The late musician, record producer and audio engineer crystallised his critical view of the music industry through cuttingly funny columns, interviews and reviews. Remembering his legacy as an opinionated champion of independent music, we look back on 6 pieces from the archive.

Revered rock producer Steve Albini, who’s death was announced yesterday (7 May) at 61, is leaving a legacy as a vocal and uncompromising advocate for underground musicians. Criticising the industry for taking advantage of artists and homogenising popular music for commercial gain, Albini called out money-grabbing labels, championed independent scenes and rejected much of how modern music was recorded. 

Staunch in his beliefs, Albini made his outlook (and enemies) clear throughout his career, both in how he moved through the industry (Albini took no royalties from artists he worked with) and in direct, sometimes stinging interviews.

Also writing for various music zines and art criticism publications in his years as part of 80s punk rock band Big Black and beyond, the early formation of this ideology can be traced back to his time studying Journalism at Northwestern University. In columns, interviews and reviews, his tone was fervent, flamboyant, cuttingly funny and often pissed off. Look back on 6 of his most memorable pieces.


'The Problem With Music'

Article for The Baffler, December 1993

Albini’s ideas were laid out most clearly in his seminal essay ‘The Problem with Music’, published in art criticism journal The Baffler in 1993. 

He made a case against music trends of the moment, specifically the use of equalisers, compression and “trendy electronics and other flashy shit that nobody really needs”. Arguing that they traded in quality for commercialisation, he wrote: “It doesn’t matter how awful the recording is, as long as it goes through a tube limiter, somebody will claim it sounds “warm,” or maybe even “punchy.” They might even compare it to the Beatles. I want to find the guy that invented compression and tear his liver out. I hate it. It makes everything sound like a beer commercial.”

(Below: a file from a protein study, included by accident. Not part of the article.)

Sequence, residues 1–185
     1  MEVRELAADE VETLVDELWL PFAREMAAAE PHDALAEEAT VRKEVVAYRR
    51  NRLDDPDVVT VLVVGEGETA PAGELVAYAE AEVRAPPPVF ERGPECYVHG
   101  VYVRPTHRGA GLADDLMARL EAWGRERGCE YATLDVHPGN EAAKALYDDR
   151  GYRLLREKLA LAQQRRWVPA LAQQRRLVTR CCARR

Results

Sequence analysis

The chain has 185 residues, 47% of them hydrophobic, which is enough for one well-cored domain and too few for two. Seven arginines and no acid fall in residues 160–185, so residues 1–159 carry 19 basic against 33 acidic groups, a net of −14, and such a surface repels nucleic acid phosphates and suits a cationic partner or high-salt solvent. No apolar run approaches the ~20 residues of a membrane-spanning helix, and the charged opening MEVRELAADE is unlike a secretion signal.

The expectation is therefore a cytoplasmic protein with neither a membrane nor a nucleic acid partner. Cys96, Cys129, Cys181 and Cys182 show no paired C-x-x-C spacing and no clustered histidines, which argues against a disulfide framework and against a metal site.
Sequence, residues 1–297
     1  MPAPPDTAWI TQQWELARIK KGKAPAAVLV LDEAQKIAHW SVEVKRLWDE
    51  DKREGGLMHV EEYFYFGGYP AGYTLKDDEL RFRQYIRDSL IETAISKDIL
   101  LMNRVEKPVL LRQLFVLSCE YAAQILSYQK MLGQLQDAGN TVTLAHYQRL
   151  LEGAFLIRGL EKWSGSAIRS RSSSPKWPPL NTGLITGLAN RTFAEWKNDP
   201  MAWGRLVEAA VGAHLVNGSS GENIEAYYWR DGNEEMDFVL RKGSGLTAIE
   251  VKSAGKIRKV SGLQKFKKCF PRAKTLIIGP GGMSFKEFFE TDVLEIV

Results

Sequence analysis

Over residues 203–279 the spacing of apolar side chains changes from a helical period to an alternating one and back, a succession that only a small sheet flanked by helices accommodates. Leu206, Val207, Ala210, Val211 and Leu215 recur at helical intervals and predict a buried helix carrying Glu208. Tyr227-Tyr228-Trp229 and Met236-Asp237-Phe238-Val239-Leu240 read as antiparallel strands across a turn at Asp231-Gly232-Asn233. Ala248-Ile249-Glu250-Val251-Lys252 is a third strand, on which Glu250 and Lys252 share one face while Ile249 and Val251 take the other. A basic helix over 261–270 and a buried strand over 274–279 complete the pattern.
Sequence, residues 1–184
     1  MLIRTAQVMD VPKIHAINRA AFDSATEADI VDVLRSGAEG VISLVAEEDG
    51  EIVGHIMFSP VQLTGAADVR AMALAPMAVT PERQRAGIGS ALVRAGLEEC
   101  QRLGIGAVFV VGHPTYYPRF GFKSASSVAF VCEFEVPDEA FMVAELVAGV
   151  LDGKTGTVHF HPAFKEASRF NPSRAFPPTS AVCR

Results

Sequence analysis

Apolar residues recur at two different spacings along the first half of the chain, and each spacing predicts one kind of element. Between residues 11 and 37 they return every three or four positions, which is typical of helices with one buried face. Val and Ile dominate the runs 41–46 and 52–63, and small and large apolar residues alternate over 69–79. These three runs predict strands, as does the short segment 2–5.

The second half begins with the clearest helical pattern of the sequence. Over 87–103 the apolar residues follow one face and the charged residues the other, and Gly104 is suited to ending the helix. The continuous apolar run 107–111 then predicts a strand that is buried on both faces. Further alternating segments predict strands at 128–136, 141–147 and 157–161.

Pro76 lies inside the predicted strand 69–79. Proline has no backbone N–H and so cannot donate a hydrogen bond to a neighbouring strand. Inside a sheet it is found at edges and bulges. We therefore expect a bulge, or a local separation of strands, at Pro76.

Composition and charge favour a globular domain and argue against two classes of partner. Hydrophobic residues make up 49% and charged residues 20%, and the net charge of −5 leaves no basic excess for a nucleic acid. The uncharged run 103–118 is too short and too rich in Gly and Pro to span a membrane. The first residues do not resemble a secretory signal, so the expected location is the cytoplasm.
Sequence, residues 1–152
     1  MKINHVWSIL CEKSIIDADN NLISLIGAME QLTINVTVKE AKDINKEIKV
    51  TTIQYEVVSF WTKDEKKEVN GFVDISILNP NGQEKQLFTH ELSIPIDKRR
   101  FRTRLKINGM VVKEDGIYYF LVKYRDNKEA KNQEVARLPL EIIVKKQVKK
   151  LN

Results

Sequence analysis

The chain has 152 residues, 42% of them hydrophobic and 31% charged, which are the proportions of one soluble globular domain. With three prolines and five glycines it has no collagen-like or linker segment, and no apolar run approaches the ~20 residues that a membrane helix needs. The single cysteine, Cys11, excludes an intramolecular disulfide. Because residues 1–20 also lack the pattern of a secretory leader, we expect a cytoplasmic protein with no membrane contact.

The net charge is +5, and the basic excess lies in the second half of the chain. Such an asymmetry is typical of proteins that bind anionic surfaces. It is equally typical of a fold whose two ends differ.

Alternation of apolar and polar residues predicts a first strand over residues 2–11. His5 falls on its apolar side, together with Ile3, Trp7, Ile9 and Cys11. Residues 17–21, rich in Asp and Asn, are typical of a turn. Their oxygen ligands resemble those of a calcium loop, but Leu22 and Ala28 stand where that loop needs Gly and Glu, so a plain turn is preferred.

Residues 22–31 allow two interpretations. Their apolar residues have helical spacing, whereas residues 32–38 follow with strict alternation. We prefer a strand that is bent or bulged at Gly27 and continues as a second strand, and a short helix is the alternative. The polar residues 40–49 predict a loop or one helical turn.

Elsewhere in the article, he criticised unqualified producers taking on the work of engineers, with words like “punchy” and “warm” return offenders: “[They] use meaningless words to make their clients think they know what’s going on. Words like “Punchy,” “Warm,” “Groove,” “Vibe,” “Feel.” Especially “Punchy” and “Warm.” Every time I hear those words, I want to throttle somebody.”

Going on to villiainise record deals and speculate on the skewed balance of profits for artists and labels, he concludes: “Some of your friends are probably already this fucked.”


'Three Pandering Sluts and their Music Press Stooge'

A letter to music critic Bill Wyman, published in Chicago Reader, 1994

Identifying Chicago alt-rock artists Liz Phair, The Smashing Pumpkins and Urge Overkill as what he perceived as “frauds”, in 1994 Albini famously published an open letter to music critic Bill Wyman criticising his endorsement of them. “These are not “alternative” artists any more than their historical precursors. They are by, of and for the mainstream,” he wrote.

“Artists who survive on hype are often critic’s pets. They don’t, however, make timeless, classic music that survives trends and inspires generations of fans and other artists. There are artists in Chicago doing just that, but you don’t write about them. You save your zeal instead for this year’s promo fixtures. Shame on your lazy head. Clip your year-end column and put it away for ten years. See if you don’t feel like an idiot when you reread it.”

In 2016, Wyman recounted the full story here, reflecting on the takedown and painting an evocative picture of “a crazy time in music”.


'Eyewitness Record Reviews'

Forced Exposure #17, 1991

Writing for Boston-based independent music zine Forced Exposure, which focused on obscure punk and was known for its opinionated stance and sardonic tone, Albini’s voice was fitting. In a piece in 1991, he undermined the hype around the Pixies and their ‘Surfer Rosa’ album – a record he’s commonly remembered for working on himself.